These lovely, innocent wildflowers are slowly dying. Thanks, climate change!
If you’re feeling overwhelmed by climate change news, don’t — I repeat, DO NOT — stop to smell the roses. Because they are probably more overwhelmed than you: Scientists in California can see the effects of climate change in fields of flowers, which are losing species diversity as winters get warmer and drier, according to one new study. Flowers are pretty, colorful dabs of joy that never hurt anyone, and climate change is killing them — welcome back to Spoiler Alerts.
Here’s the story from the LA Times:
Over time, the researchers noticed that the big, intense blooms of wildflowers that used to appear in the spring were becoming less and less frequent. So they decided to analyze changes in plant species over time.
They picked 80 different sites from all over the reserve and counted all of the species growing in five small plots at each site. They also estimated how much area each plant species covered within each plot.
The research team correlated changes in plant growth with changes in rainfall patterns, temperature, cloud cover and humidity.
Across all 80 sites, clusters of native wildflower species became increasingly less diverse from 1999 to 2014, the researchers found. In particular, the species that were disappearing fastest were those with broad leaves, which are most susceptible to drought.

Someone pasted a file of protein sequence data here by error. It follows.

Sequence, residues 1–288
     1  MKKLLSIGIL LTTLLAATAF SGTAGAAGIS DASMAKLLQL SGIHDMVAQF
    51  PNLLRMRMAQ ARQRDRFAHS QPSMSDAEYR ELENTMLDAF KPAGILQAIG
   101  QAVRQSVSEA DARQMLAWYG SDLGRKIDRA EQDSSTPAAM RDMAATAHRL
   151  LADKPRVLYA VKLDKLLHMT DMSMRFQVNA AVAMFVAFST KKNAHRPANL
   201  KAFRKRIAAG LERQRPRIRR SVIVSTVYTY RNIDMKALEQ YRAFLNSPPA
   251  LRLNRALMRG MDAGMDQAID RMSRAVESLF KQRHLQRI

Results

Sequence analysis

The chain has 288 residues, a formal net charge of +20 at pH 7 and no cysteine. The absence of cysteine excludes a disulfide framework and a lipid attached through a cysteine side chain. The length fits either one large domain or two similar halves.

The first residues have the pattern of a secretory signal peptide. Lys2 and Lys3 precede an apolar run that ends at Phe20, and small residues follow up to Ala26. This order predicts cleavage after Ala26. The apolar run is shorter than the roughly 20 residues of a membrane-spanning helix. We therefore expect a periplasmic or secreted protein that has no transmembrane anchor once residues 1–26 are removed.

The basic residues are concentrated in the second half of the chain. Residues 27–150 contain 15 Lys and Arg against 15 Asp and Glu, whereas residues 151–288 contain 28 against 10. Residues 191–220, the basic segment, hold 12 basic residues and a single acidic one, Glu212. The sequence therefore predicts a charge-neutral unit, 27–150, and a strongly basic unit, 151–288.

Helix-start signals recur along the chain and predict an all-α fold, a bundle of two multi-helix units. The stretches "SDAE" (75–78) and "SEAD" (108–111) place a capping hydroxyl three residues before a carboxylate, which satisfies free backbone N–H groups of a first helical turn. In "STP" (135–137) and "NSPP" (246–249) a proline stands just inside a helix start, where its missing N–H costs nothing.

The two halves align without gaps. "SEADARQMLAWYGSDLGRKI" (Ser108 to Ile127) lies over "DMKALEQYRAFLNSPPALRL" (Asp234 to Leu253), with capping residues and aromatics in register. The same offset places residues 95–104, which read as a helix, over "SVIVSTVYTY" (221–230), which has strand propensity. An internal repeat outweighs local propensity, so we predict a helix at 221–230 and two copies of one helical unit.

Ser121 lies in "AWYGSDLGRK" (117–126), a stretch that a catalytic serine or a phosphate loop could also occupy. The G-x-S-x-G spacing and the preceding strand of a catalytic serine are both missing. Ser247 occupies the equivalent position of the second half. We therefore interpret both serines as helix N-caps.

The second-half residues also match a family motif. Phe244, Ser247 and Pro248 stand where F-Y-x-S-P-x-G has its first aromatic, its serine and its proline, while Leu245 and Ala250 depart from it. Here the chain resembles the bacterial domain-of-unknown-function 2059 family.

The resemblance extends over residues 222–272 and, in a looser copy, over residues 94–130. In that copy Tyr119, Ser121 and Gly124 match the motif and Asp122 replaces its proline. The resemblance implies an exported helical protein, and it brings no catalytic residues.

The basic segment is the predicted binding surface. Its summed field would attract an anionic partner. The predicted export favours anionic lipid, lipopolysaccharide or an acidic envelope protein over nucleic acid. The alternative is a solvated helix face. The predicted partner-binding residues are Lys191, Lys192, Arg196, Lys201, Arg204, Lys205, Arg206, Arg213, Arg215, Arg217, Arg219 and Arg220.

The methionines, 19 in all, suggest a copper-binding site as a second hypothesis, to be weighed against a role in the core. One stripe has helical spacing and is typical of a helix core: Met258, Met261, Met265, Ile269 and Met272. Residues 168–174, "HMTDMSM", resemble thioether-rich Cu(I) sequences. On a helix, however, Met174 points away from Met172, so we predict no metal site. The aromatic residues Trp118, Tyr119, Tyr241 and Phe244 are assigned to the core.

The 15% decline in wildflower species diversity was correlated with about 50% less rain in midwinter, about 20% more sun in fall and winter, and a 20% drop in winter humidity.
You know comes next, right? “Correlation is not causation,” yeah yeah — but this study offers powerful evidence of changes in ecosystem makeup at the local level. What, do you think this is these scientists’ first science rodeo? (Go ahead and picture those lab-coated rodeo clowns anyway.) More from the LA Times:
To take account of other factors that might affect plant diversity, the researchers made sure about half of the sites were in areas with fertile soils, no grazing and no recent history of fire. The other sites had inhospitable soils, occasional grazing and had burned in 1999. Even when these variables were considered in their model, the link between climate change and wildflower growth held up.
Hope you guys like wild grasses, because it looks like that’s what we’ll have left.
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